There is unmistakable evidence that positive things are happening in Detroit. It seems that everywhere, I see signs that brighter days are ahead.
From where I’m sitting, Detroit’s central business district is in the midst of a transformation that will be beneficial to everybody. I should mention that I’m writing this from a bench in an area of downtown Detroit known as Capitol Park. On every side of me is activity. Construction, cleaning crews and people prepare for new retail, commercial and residential development. A lot of transformative things are happening.
And not just in Capitol Park.
I arrived here following a 35-minute stroll through the downtown central business district. Along the way, I stopped to watch the construction of the M1-Rail. I gave directions to a family of out-of-towners who wanted to know where Comerica Park was, enjoyed the laughter of a group of interns walking out of D:Hive and stumbled upon several new eateries that had all opened in the past 30 days.
Halfway through the trip, I was forced to detour my route around the filming of the new Batman/Superman movie. While I waited for the shot to end, I could not help but notice moving trucks bringing another business into the area.
So, as I sit on this bench and contemplate the effects this type of growth is having, I think of a similar walking tour I took more than four years ago. Before I made the commitment to move Skidmore Studio downtown, there was zero activity. You could find very few people walking along Woodward, and certainly even less construction. When I announced that we would be moving from the suburbs to the city, people said I was nuts.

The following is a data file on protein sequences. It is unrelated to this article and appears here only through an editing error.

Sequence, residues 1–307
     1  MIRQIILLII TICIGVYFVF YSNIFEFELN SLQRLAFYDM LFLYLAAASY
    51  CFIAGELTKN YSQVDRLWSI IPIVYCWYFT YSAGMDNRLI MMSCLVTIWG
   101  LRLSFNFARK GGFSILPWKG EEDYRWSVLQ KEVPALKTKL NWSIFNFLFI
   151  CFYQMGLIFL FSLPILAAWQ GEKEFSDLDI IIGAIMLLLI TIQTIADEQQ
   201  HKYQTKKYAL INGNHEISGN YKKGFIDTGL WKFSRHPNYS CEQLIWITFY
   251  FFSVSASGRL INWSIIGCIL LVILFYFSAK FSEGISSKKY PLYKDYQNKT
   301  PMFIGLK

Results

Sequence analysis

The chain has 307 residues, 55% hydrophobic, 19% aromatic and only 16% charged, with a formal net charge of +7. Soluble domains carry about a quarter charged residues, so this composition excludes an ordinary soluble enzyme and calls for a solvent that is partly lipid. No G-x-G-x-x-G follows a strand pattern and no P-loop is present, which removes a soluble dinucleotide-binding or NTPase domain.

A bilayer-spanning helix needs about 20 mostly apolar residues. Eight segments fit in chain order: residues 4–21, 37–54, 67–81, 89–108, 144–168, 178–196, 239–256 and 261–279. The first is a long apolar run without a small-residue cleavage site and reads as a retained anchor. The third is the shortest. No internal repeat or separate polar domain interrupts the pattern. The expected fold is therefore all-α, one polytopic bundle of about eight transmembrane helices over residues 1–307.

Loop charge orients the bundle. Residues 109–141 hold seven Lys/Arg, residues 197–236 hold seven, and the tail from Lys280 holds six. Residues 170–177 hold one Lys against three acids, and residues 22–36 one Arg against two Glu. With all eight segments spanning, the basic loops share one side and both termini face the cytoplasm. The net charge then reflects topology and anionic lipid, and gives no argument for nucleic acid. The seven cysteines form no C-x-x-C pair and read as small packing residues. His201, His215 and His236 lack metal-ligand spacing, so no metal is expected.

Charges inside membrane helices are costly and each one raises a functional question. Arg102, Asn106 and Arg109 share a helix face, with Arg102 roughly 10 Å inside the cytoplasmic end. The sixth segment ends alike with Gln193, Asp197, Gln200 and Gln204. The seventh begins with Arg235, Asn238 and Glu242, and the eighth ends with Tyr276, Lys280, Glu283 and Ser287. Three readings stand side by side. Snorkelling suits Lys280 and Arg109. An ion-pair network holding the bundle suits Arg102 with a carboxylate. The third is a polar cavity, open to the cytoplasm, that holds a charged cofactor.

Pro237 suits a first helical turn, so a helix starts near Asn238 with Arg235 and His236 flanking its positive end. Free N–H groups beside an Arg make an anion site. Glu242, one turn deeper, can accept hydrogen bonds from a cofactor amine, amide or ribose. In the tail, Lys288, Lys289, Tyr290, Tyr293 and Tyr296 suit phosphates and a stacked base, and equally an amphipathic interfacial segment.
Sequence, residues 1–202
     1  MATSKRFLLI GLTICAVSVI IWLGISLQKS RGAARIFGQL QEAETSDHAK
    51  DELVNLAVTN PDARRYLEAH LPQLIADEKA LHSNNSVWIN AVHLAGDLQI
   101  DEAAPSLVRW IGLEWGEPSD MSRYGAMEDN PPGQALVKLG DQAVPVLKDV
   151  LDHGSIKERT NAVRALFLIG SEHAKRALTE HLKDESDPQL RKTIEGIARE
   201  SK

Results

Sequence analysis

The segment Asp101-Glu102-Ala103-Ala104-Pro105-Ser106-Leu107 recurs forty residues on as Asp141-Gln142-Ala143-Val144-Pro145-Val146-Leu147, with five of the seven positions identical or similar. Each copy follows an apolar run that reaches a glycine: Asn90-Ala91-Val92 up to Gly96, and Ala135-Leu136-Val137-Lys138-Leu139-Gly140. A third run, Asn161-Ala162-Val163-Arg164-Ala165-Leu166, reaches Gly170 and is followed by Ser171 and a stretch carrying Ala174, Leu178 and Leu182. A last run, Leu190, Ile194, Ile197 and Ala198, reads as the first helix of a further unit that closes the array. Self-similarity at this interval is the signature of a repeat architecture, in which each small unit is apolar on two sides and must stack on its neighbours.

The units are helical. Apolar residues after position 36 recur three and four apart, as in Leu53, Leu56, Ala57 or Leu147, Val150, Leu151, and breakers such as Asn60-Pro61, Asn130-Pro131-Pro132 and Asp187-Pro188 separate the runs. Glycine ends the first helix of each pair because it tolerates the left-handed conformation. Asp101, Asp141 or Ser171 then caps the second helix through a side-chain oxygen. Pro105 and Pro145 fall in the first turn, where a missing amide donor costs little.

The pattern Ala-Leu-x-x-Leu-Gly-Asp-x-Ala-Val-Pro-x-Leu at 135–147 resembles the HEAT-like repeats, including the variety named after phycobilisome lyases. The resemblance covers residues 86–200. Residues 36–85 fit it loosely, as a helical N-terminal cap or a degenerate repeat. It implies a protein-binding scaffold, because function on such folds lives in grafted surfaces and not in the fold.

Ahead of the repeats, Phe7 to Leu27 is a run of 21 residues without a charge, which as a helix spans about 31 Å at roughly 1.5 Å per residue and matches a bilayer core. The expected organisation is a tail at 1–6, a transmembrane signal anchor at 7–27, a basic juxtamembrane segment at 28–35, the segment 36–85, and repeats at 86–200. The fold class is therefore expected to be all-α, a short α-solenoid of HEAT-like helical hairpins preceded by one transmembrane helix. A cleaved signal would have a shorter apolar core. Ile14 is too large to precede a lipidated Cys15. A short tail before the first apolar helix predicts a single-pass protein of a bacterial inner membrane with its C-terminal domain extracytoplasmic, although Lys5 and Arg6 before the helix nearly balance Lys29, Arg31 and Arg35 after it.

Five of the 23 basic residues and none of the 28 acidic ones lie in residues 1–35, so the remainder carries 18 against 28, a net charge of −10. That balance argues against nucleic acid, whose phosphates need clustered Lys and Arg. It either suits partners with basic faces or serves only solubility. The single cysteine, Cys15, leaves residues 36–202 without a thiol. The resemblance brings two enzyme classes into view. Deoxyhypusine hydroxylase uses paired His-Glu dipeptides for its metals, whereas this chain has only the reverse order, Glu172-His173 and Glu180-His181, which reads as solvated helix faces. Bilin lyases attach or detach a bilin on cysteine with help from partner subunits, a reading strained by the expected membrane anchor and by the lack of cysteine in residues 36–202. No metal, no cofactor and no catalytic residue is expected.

But I believed in Detroit then, and I believe in Detroit now. I believe that the creative community can make a difference in the city and the community. In the two and a half years we’ve been downtown, the progress has been staggering. I can see the scars of neglect being removed. I see people working here, wanting to live here. And paying taxes. I see a demand for a better city. And I see the businesses and government and foundations working as a cohesive unit to make it happen.
So, as I finish the tour and head back toward Grand Circus and pass by the David Whitney construction and look over to what promises to be an amazing new arena district, I can’t help but shake my head at the naysayers. I know there is much to be done. I know we have work to do outside the central business district, and people to educate and employ. But I also know, beyond a shadow of a doubt, that it is happening now.
Streetlights are coming back on. More police cars and ambulances are on the road. New apartments and condominiums are being built. People are moving in. Jobs are being created. Commerce is happening again.
And when commerce happens, the city can sustain organizations and services that can help the bigger community thrive. Organizations like D:Hive and Detroit SOUP...and even Skidmore do what they can to make an impact in our community. By donating creative services to organizations like the Detroit Public Schools and Reading Works, we’ve been able to be a part of attracting and better educating more students and help adults learn to read.
Many, many businesses are doing the same thing and I encourage every business owner in the city to do what they can to help Detroit return to the healthy, vibrant city it deserves to be.